Mark Reviews Movies

A Murder in the Park

A MURDER IN THE PARK

3 Stars (out of 4)

Directors: Shawn Rech and Brandon Kimber

MPAA Rating: PG-13 (for disturbing crime scene photos and reenactments, drug material and brief language)

Running Time: 1:31

Release Date: 7/3/15 (limited); 7/10/15 (wider)


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Review by Mark Dujsik | July 9, 2015

There are times when A Murder in the Park attempts to be a sweeping indictment of a perceived widespread crisis. The attempt is subtle, but it's noticeable. The film works nonetheless, because its primary focus is on a fairly clear case of corruption that led to a single instance in which justice was thwarted in the name of activism. This is, to understate the situation, troubling, although it's important to note that this instance is apparently representative of only itself. It's important to emphasize that because the film wants it to signify much more.

The film opens with a whirl of information that pieces together a familiar story. A man was convicted of a crime and sentenced to death. Decades later, a team of students, led by their professor, went through the details of the crime and discovered that some things in the investigation were faulty. They raised these concerns to the public. The legal system responded. The man received a stay of execution—about 48 hours before his execution—and was released from prison. Another suspect emerged, was tried and convicted, and went to prison. The case was solved, and justice was served.

We've heard this story or some variation of it so many times—of rushes to judgment, faulty or unethical police work, poor legal representation, bad evidence, and the like—that we've started to take their veracity as a given. After all, we trust that the people scrutinizing these cases decades after the fact are seeking the truth, that what they find is accurate, and that their endeavor would be at least as—if not more—thorough than the initial investigation. It would have to be, because, if they're wrong, a criminal would go free. The potential consequences of an erroneous result would seem to demand that no error can be made.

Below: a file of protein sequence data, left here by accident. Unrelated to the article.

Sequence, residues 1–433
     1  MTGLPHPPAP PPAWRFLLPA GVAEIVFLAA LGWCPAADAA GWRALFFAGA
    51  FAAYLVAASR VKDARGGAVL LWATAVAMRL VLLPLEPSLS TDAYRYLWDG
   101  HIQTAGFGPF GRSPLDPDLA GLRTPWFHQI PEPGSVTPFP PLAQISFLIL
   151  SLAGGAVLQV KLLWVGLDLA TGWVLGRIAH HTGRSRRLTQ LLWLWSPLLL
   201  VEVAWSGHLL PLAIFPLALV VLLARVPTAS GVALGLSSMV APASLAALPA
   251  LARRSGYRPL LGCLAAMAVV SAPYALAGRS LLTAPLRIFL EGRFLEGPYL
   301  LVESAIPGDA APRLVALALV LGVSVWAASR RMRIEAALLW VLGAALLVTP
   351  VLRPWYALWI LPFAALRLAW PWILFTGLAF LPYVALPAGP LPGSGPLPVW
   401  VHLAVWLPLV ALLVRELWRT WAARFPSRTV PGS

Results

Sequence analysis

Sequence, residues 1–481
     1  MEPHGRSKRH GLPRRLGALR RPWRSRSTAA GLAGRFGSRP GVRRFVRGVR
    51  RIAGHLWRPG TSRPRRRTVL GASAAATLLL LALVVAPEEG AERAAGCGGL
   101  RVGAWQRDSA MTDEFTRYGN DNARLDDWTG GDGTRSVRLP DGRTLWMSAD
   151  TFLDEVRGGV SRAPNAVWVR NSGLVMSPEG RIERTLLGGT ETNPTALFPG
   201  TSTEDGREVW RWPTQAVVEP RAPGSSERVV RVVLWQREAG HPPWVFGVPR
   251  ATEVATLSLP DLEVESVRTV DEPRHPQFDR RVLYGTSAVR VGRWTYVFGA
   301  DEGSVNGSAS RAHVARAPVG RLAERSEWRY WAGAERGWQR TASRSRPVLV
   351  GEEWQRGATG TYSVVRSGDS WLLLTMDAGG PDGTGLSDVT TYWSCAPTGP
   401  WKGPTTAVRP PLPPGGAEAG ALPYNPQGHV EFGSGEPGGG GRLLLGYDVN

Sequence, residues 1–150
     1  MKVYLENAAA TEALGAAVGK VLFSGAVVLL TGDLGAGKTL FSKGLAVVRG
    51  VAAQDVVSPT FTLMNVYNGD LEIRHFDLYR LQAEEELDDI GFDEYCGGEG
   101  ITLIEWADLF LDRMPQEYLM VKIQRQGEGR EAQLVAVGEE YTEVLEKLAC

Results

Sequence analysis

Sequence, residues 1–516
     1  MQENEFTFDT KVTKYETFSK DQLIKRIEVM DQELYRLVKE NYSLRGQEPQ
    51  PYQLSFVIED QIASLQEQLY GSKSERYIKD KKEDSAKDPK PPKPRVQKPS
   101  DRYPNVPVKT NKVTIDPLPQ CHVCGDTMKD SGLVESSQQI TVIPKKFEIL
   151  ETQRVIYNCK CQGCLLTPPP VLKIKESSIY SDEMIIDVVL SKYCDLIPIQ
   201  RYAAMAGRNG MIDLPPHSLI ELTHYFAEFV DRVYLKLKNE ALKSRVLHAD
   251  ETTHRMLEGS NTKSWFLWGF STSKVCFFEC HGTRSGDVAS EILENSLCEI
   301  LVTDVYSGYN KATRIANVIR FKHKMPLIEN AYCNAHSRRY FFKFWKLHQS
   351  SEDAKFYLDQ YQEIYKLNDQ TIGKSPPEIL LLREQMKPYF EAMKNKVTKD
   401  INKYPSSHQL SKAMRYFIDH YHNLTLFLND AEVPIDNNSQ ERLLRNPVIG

Directors Shawn Rech and Brandon Kimber come out swinging. There were many errors in the group's investigation. The biggest one was assuming that Anthony Porter, the man initially convicted of murdering two people one night in 1982 at a public pool on the South Side of Chicago, was innocent of the crime. He wasn't, say the directors and many others who would know this. The police arrested the right man. The judicial system worked. By the way, that means Alstory Simon, the man who was later convicted of the double homicide, is innocent.

The film is meticulous in presenting its argument that Porter committed the crime. There are interviews with witnesses who were there that night. The filmmakers present animated diagrams that lay out where each person was and what their sightlines would have been. There are reenactments of the crime, the witnesses reactions, and how Porter was caught fleeing the scene by police but let go because they couldn't find a weapon. Everyone who was there flat-out says it: Porter killed those two teenagers.